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A Guide to Dressage Gaits

Tips from Olympian and licensed Bereiter Jan Ebeling will help you improve your training and sharpen your eye for a horse’s way of going.

Which gait is this? I’m sure you know that Sandrina, Ann Romney’s 10-year-old Oldenburg mare, is trotting, but can you tell whether she’s in working, collected, medium or extended trot? If you can’t now, I think you will know by the time you’ve read this article.

We all know that there are three recognized gaits in dressage: the four-beat walk, the two-beat trot and the three-beat canter. But dressage also recognizes "types" of gaits: medium, free, collected and extended walk; and working, medium, collected and extended trot and canter. Whether you're training or showing your horse or simply watching a class at a dressage show, understanding the difference and knowing what you're actually seeing can sometimes be a challenge.

And that's too bad, because the quality of gaits is so important in our sport that Gaits is the first Collective Mark on every dressage test. There is an emphasis on "freedom," which is manifested by the reach and scope of your horse's limbs, and "regularity." This involves his ability to maintain an even rhythm—the recurring sequence and timing of his footfalls at a suitable and consistent tempo.

What We'll Do
In this article, I'll explain the differences between the types of gaits, and when and why, in the course of your horse's training and competing, they appear.

I'll also demonstrate the types of gaits in photos, so you can contrast, compare and, I hope, sharpen your eye. As you do, please note: The difference between an extended and collected gait isn't merely about the length of a horse's steps. I always tell my students, "Don't only follow your horse with a ruler and measure the distance between his footprints. The lengthening or shortening of his step is important, but only as it relates to his overall outline, the elevation of his steps, the raising of his forehand and neck relative to the lowering of his croup and even the lengthening or shortening of his neck."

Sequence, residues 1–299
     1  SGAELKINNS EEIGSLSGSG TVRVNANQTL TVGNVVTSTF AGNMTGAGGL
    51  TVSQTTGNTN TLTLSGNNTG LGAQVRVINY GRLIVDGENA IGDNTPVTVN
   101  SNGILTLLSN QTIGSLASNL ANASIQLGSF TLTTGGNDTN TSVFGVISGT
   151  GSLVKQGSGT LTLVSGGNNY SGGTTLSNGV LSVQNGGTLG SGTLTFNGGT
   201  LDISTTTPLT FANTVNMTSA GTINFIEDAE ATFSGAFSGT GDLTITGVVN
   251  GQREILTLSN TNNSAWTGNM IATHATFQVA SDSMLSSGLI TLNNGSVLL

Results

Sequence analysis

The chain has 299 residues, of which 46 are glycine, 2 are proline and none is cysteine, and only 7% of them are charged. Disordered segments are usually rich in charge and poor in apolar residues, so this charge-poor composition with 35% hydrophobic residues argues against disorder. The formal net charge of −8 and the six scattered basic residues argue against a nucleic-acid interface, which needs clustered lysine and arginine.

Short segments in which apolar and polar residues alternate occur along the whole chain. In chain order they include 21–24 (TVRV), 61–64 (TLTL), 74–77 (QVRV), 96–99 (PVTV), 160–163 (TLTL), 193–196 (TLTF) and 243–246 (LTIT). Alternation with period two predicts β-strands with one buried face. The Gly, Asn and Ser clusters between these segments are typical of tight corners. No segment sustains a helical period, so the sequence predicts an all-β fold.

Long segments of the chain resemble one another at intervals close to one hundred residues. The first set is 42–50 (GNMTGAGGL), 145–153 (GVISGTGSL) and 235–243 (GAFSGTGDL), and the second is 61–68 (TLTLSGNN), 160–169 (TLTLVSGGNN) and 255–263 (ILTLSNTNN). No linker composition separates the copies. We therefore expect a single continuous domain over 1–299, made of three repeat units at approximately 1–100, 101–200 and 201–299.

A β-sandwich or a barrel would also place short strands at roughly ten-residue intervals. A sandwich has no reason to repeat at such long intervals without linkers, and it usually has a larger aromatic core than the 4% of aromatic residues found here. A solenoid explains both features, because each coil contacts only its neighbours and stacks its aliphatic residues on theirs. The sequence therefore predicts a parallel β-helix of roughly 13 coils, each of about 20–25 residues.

Another point to remember is that dressage training is a slow, logical, step-by-step progression. It builds the strength, muscle, balance, animation, activity and ­cadence (the sum of rhythm plus impulsion, which is expressed by an ­energetic lifting of the feet from the ground and gives any gait an extra quality).

The test levels at which the different types of gaits appear mirror the "building blocks" of the Training Scale: rhythm, relaxation, connection, impulsion, straightness and collection. (In fact, the tests are sometimes referred to as a "blueprint" for your training.) I'm sure that if you pushed your green 4-year-old, you probably could get a nice extended canter, no problem! But when you got to the severe down transition, he wouldn't be physically strong or balanced enough to carry it off.

That's why, at Introductory Level, you simply want to show that your horse can be ridden on a light but steady contact (or allowed complete freedom to lower and stretch out his head and neck in the free walk).

At Training Level you want to ­additionally confirm that his muscles are supple and loose and that he moves freely forward in a clear and steady rhythm, ­accepting contact with the bit.

At First Level, he has additionally developed thrust (pushing power) and achieved a degree of balance and throughness (the state in which your aids/influence go freely through all parts of him, from back to front and front to back).

At Second Level, he accepts more weight on his hindquarters, has an uphill tendency and stays reliably on the bit. He does this with a greater degree of straightness, bending, suppleness, throughness, balance and self-carriage.

At Third Level he shows increased engagement with rhythm, suppleness, ­acceptance of the bit, throughness, balance, impulsion, straightness and collection.

At Fourth Level and above, he has a high degree of suppleness, impulsion and throughness, plus a clear uphill balance and lightness. He remains reliably on the bit. His movements are straight, energetic and cadenced, and his transitions are precise and smooth.

Now, how do these requirements ­determine when and where the various types of gaits appear? Keep them in mind as you read on.

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